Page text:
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Linguistic competition and extinction in Southern India: The case of the Indo-Portuguese creoles

Show simple item record Cardoso, H.C. 2016-10-19T03:35:35Z 2016-10-19T03:35:35Z 2016
dc.identifier.citation Cardoso, H.C. 2016. Linguistic competition and extinction in Southern India: The case of the Indo-Portuguese creoles. 2nd International Conference on the Humanities (ICH 2016), 06th - 07th October, Faculty of Humanities, University of Kelaniya, Sri Lanka. en_US
dc.description.abstract The issue of language endangerment and language death has received wide attention in recent years, on account of the realisation that the rate of linguistic extinction is now probably higher than ever before (e.g. Crystal 2000, Moseley 2010). The processes of language obsolescence and death are unavoidably related to speech communities’ response to changes in their linguistic ecology, usually the introduction of a new language or alterations in the social profile of already coexisting languages. Colonial languages have had (and still have) a particularly prominent role in the diminution of linguistic diversity worldwide, but they were also instrumental in producing new language varieties and new languages – including pidgins and creoles – which are themselves responsive to changes in their respective settings. In this talk, we will follow the historical dynamics of Portuguese and Indo-Portuguese with particular reference to South India. Indo-Portuguese, the generic term to denote the Portuguese-lexified creoles of South Asia, has a long and important history in India and Sri Lanka, and subsists in some locations with variable degrees of vitality (Cardoso 2006). In South India, the rise and fall of Indo-Portuguese were particularly dramatic – from extremely widespread up to the late 19th-century to extinct (with the exception of a small pocket in Cannanore [Kannur] and an even smaller one in Calicut [Khozhikode]) nowadays. Based on historical-archival evidence and oral histories collected in the states of Kerala and Tamil Nadu, we will characterise the past geographical and social implantation of Indo-Portuguese in South India, map its demise, and identify the reported reasons underlying its rapid contraction. What emerges is a history of obsolescence which to a large extent mirrors that of other endangered or extinct languages the world over – reflecting e.g. social restructuring, and changes in the region’s political, economic and religious environment – but also with some specificities, in which ideological notions of (in)correctness, hybridisation and colonial associations take centre-stage. en_US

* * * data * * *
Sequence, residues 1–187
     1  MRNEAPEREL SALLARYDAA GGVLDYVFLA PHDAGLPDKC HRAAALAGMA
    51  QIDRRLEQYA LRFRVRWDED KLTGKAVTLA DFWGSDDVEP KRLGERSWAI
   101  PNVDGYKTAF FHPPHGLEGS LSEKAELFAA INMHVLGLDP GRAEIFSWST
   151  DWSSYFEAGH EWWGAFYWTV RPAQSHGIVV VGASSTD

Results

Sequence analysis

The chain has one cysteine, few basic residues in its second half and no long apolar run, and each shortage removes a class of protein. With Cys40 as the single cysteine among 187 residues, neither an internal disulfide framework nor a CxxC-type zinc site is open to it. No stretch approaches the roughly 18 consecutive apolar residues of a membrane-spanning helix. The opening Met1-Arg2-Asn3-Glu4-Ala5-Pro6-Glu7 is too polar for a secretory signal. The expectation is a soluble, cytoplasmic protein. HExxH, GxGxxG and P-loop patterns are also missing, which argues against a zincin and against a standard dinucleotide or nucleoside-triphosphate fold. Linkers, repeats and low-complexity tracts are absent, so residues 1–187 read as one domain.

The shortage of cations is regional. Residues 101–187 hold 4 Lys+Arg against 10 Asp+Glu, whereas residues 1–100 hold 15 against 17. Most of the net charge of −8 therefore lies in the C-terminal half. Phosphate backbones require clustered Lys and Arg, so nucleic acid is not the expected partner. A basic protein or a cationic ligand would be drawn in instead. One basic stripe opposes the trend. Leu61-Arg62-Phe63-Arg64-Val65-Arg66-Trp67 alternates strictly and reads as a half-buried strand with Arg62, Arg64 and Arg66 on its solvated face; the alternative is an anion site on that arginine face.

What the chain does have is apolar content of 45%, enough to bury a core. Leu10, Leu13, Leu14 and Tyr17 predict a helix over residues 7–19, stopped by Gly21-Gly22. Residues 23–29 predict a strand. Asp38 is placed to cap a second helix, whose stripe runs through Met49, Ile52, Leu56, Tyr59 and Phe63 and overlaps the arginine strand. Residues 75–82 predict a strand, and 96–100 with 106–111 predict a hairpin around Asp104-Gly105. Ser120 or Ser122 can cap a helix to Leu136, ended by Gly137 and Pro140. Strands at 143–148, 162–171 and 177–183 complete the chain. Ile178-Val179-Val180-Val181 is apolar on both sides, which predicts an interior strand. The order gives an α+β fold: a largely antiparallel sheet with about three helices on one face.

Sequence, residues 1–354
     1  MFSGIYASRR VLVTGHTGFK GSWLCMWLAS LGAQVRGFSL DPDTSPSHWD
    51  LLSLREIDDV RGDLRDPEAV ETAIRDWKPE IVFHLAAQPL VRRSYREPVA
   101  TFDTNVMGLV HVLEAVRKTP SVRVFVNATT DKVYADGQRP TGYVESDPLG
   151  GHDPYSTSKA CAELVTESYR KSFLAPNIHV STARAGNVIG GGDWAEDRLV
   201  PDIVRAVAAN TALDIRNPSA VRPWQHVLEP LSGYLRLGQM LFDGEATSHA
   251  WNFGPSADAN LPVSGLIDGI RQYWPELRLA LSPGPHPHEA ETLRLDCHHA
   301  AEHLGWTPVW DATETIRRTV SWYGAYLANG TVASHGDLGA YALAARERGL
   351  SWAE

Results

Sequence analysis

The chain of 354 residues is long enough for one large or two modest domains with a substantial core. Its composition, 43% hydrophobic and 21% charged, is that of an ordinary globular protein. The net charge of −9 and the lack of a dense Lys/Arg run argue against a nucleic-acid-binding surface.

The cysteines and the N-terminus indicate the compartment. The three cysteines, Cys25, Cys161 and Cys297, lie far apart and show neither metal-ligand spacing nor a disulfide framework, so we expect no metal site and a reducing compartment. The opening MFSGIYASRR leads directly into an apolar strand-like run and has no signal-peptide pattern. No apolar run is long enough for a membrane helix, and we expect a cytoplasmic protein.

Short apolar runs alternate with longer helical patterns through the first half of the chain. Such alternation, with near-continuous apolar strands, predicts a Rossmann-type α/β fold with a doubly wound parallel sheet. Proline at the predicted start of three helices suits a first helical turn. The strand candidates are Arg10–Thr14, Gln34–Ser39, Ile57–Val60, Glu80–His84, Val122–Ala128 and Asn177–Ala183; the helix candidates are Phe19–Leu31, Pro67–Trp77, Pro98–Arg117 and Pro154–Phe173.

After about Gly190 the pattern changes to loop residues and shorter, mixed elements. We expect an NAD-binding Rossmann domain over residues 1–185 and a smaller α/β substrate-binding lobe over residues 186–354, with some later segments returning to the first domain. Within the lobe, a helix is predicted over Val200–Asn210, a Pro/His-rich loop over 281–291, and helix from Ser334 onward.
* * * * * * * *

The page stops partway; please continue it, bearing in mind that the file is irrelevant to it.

dc.language.iso en en_US
dc.publisher Faculty of Humanities, University of Kelaniya, Sri Lanka en_US
dc.subject Indo-Portuguese creoles en_US
dc.subject Linguistic competition en_US
dc.subject Extinction en_US
dc.subject Southern India en_US
dc.title Linguistic competition and extinction in Southern India: The case of the Indo-Portuguese creoles en_US
dc.type Article en_US

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